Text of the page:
I was taking in a show at Heartwood Concert Hall recently, just sitting enjoying my beverage, when my girlfriend leaned over and asked me what the difference was between a violin and a fiddle. I put my beverage down and leaned back to answer her that I didn’t think there was a difference, but I had to think about it. Was there, in fact, a difference between a fiddle and a violin?
Then I remembered the book sitting on my coffee table at home that I hadn’t cracked into yet: Juggling the Notes by local fiddle player Will Henry. Surely my answer would be found there. (And yes, I’m aware I could have just Googled it, but I’m a little old fashioned sometimes and will trade the interweb for a good book).
We had invited Scatter the Cats to come play our Highfive space and it was the busiest Friday Social we’ve had at the Cowork and Social space. Leave it to Traditional music to bring people out on a Friday afternoon. It was on this occasion I acquired the book from Henry and also where I met a number of the musicians who are mentioned in his book: Dan McGee, Frank Francalanza, and Bob Robins.
Prior to the performance, I was corrected that a mandolin is not a fiddle. So, between a violin, a mandolin, and a fiddle, it’s clear I’ve got some learning to do. And Juggling the Notes is a great place to start. The book is scattered (like cats) with notation for all the original fiddle tunes Henry has written, as well as photos and stories from his years playing alongside his fellow musicians.
I wasn’t looking for fiddle tunes (I’ve established I don’t play), but anyone who plays will get a lot out of it as there are roughly eighty notations (think of how much fun the Beckett family will have with this book). For me, Henry’s introduction was in line with what I was after: “this is a bit of my story about chasing the tunes and juggling the notes” which is what interested me the most. I like stories, especially local ones involving music. It’s why I’ve enjoyed books by Larry Jensen and Tim Harrison over the years.
And while I didn’t exactly learn the connection between instruments, I learned about other connections. For example, the link between fiddling and dancing is made clear in this work. “Two sides of the same coin,” as Henry puts it.
Another strong connection that’s made in this book is how much traditional music ties cultures together: from Cuba to Canada to Ireland, the fiddle unites people of many nations. But of course, this book is more concerned with the smaller communities in Ontario where Henry has “fussed with [the fiddle] off and on for most of [his] adult life”: Goderich, Durham, and Owen Sound.
“Some places just seem to ooze music,” he says referring to Dan McGee’s woodworking shop, but it’s symbolic for the area as a whole. Grey Bruce oozes music and Henry is an important part of that beautiful ooze. The stories from this book are a testament to his part, and the people he mentions along the way are part and parcel.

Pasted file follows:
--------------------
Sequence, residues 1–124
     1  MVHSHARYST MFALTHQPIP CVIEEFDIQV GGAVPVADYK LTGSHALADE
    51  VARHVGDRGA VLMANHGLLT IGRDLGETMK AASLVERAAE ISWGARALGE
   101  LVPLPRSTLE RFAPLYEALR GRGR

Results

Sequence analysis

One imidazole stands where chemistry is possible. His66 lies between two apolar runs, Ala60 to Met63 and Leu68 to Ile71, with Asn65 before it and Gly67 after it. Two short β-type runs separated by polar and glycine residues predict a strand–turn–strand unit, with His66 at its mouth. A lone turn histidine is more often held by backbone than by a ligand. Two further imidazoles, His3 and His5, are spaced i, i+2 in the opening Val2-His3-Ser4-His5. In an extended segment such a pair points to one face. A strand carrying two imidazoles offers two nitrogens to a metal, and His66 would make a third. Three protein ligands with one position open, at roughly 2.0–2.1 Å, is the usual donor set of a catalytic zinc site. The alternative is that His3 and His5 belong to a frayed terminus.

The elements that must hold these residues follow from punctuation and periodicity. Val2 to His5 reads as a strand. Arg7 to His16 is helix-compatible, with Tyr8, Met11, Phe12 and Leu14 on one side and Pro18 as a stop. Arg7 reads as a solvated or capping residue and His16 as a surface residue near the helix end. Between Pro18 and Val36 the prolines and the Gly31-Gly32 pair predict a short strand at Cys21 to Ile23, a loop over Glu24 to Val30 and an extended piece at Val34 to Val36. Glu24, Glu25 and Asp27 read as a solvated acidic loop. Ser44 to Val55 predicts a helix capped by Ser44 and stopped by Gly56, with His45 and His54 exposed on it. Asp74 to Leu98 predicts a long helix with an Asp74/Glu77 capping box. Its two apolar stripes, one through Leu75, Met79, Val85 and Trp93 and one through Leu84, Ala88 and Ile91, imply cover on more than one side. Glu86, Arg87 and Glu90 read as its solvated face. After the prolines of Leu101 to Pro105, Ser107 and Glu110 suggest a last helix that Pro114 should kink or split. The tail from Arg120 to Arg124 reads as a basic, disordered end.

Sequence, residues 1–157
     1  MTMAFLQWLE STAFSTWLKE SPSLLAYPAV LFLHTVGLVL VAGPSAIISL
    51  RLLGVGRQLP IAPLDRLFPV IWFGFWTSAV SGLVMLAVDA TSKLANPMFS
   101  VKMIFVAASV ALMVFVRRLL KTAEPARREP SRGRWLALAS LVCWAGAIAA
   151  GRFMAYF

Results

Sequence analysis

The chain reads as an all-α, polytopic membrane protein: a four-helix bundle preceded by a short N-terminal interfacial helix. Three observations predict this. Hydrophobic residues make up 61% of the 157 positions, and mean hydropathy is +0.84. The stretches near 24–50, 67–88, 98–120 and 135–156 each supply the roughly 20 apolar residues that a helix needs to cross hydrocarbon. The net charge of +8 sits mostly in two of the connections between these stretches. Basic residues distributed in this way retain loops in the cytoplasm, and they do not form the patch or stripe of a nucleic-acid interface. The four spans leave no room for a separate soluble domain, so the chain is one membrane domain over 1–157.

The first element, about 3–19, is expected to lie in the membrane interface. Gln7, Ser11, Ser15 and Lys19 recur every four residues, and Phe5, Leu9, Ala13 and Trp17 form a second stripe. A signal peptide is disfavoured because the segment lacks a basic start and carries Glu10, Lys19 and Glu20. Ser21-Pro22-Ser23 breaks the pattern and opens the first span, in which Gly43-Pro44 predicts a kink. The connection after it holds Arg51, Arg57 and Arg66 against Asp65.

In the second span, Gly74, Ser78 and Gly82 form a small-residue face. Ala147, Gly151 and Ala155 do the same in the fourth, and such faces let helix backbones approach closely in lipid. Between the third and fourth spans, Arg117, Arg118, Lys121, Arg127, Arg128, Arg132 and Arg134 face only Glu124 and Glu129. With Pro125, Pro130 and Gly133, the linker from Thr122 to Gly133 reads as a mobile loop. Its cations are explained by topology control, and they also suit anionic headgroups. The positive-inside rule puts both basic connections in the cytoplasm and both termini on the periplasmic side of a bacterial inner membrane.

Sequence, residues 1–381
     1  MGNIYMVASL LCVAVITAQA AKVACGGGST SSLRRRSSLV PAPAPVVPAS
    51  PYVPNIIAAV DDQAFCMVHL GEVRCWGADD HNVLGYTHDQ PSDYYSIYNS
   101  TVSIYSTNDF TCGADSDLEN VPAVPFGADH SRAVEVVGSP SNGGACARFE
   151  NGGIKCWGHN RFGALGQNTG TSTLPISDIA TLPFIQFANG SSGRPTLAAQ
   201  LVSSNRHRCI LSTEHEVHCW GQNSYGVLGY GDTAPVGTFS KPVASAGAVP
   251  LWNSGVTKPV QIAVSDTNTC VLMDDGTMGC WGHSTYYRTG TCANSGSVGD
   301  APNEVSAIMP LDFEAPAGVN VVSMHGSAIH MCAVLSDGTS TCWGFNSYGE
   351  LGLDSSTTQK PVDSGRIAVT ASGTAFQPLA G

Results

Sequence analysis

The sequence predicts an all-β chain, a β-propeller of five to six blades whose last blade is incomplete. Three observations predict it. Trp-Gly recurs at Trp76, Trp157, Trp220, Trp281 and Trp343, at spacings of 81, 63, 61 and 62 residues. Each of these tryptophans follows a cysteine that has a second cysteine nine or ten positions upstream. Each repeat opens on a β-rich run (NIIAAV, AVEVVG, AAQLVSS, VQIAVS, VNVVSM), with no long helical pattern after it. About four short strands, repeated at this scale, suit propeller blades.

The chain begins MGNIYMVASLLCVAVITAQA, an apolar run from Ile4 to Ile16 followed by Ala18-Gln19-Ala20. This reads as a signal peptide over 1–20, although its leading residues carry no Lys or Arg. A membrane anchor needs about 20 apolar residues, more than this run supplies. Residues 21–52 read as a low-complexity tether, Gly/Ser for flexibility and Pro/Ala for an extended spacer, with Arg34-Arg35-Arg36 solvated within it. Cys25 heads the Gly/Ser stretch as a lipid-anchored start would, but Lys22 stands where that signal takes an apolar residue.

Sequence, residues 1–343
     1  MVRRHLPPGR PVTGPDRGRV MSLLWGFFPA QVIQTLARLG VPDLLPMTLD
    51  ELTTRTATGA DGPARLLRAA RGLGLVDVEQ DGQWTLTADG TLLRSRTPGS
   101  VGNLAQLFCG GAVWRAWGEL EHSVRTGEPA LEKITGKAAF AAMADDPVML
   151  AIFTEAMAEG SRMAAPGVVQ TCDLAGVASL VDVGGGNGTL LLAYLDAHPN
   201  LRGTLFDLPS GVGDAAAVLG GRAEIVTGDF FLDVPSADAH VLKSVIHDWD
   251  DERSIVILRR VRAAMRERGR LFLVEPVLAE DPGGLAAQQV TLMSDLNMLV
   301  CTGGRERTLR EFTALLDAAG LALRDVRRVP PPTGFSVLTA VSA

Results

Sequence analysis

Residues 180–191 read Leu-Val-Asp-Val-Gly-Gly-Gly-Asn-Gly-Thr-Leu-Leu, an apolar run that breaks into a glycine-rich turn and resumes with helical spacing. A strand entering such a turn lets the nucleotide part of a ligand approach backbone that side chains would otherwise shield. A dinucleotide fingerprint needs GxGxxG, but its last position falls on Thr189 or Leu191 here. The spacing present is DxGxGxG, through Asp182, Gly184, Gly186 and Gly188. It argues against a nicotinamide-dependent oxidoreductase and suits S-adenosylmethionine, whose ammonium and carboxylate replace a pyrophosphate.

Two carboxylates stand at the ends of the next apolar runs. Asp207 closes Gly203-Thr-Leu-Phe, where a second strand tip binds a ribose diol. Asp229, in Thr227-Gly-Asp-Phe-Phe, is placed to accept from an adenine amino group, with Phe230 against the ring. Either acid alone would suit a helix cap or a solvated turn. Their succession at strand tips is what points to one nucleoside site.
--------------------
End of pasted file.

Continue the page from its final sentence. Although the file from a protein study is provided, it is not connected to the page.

He pays tribute to the fiddlers who came before him, like Carl Grexton, and also honours the contributions that Metis fiddle playing has made in Canada. “Until I heard Metis fiddling…I simply had not heard a fiddle really played,” Henry declares.
Alongside the colourful stories are pages of photos from “long years pointing the camera at musicians and dancers” as Henry puts it.
His festival experience covers everything from the Goderich Celtic Festival to Summerfolk to CeltFest in Cuba and of course Ireland where he received a harsh lesson in the Irish Fiddle (I’m starting to think the difference is in howthe instrument is actually played).
He closes with a song called Dancing Again, which is meant to “chase away the Covid 19 blues” and beckon the return of live music. It seems to have worked since the Cats have enjoyed playing live shows again. I watched a number of audience members take to the dance floor that Friday evening.
So, in the end I didn’t discern the difference between a fiddle and a violin and that’s really my own fault for not knowing it. But I’m still going to ask Will Henry the next time I see him. I won’t succumb to the Google machine on this one. Some things are just better left the old-fashioned way. Like fiddle music. It’s got a long tradition and that’s what makes it so darn good.
Juggling the Notes is available for $35 at both The Ginger Press Bookshop and Coffee Bar, and at the Owen Sound Long & McQuade Musical Instruments, where Henry teaches traditional fiddle tunes and technique as well as five-string banjo. You can also send an email request at email@example.com
Written by Jesse Wilkinson
Photos provided by Will Henry